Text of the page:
During their lifetimes, Alfred Russel Wallace and Charles Darwin shared credit and fame for the independent and near-simultaneous discovery of natural selection. Together, the two men spearheaded one of the greatest intellectual revolutions in modern history, and their rivalry, usually amicable but occasionally acrimonious, forged modern evolutionary theory. Yet today, few people today know much about Wallace.
The Heretic in Darwin's Court explores the controversial life and scientific contributions of Alfred Russel Wallace -- Victorian traveler, scientist, spiritualist, and co-discoverer with Charles Darwin of natural selection. After examining his early years, the biography turns to Wallace's twelve years of often harrowing travels in the western and eastern tropics, which place him in the pantheon of the greatest explorer-naturalists of the nineteenth century. Tracing step-by-step his discovery of natural selection -- a piece of scientific detective work as revolutionary in its implications as the discovery of the structure of DNA -- the book then follows the remaining fifty years of Wallace's eccentric and entertaining life. In addition to his divergence from Darwin on two fundamental issues -- sexual selection and the origin of the human mind -- he pursued topics that most scientific figures of his day conspicuously avoided, including spiritualism, phrenology, mesmerism, environmentalism, and life on Mars.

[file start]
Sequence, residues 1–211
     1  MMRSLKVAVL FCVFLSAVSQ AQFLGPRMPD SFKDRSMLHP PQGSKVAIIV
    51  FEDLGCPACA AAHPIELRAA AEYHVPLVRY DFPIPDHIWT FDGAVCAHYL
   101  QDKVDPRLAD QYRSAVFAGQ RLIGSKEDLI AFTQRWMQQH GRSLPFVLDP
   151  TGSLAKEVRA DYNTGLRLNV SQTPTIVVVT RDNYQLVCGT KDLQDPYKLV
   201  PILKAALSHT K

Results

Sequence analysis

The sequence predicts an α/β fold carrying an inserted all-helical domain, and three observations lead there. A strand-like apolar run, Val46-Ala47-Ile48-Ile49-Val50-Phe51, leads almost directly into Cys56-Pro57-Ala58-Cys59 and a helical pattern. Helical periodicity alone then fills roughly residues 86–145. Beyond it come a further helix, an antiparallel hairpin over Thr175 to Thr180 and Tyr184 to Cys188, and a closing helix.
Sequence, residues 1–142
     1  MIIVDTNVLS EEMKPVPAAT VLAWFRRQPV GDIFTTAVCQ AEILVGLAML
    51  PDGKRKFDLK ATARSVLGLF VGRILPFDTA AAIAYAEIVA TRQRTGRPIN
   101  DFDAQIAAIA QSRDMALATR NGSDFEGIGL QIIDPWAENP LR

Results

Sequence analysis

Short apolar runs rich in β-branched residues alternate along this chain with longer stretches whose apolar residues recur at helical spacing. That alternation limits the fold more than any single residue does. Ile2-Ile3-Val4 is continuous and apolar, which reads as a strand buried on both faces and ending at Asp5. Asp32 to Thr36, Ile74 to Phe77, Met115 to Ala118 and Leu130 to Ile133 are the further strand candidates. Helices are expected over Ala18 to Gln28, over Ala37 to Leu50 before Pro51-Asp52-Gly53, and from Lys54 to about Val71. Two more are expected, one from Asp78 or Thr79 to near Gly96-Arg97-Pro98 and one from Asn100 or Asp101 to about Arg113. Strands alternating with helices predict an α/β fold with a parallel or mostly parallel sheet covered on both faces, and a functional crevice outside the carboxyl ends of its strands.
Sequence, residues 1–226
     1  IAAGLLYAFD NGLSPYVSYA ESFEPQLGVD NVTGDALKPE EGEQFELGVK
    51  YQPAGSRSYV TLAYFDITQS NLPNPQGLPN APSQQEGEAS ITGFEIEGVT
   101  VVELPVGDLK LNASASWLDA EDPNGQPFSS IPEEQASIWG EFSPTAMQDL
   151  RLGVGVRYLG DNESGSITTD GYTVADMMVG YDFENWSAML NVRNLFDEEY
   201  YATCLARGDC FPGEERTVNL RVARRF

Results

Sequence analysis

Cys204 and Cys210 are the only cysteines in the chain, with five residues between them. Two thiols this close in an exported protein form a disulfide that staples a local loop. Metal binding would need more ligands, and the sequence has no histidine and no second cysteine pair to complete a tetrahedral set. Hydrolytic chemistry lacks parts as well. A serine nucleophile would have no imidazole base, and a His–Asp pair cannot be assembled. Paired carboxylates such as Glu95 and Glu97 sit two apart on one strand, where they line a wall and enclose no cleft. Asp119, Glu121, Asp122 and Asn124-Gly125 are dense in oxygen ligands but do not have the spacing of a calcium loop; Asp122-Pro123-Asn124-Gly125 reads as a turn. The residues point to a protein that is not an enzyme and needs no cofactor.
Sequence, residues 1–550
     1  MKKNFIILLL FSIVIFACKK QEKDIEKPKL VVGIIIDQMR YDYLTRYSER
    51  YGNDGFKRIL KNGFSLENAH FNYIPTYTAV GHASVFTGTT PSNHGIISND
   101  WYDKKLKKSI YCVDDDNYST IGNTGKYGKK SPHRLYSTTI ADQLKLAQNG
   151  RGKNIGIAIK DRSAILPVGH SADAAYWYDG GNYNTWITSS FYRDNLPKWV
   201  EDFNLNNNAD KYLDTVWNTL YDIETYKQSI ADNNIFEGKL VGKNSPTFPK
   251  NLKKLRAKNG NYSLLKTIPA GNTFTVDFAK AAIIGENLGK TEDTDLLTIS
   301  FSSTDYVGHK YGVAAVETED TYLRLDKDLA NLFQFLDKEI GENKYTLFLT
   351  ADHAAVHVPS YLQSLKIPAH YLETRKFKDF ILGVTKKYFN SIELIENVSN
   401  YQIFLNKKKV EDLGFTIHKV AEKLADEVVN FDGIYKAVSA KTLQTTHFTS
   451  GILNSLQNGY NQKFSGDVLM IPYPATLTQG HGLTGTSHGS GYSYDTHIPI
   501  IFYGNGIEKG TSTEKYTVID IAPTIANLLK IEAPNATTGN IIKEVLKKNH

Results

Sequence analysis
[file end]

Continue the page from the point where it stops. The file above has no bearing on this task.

Although there may be disagreement about his conclusions, Wallace's intellectual investigations into the origins of life, consciousness, and the universe itself remain some of the most inspired scientific accomplishments in history. This authoritative biography casts new light on the life and work of Alfred Russel Wallace and the importance of his twenty-five-year relationship with Charles Darwin.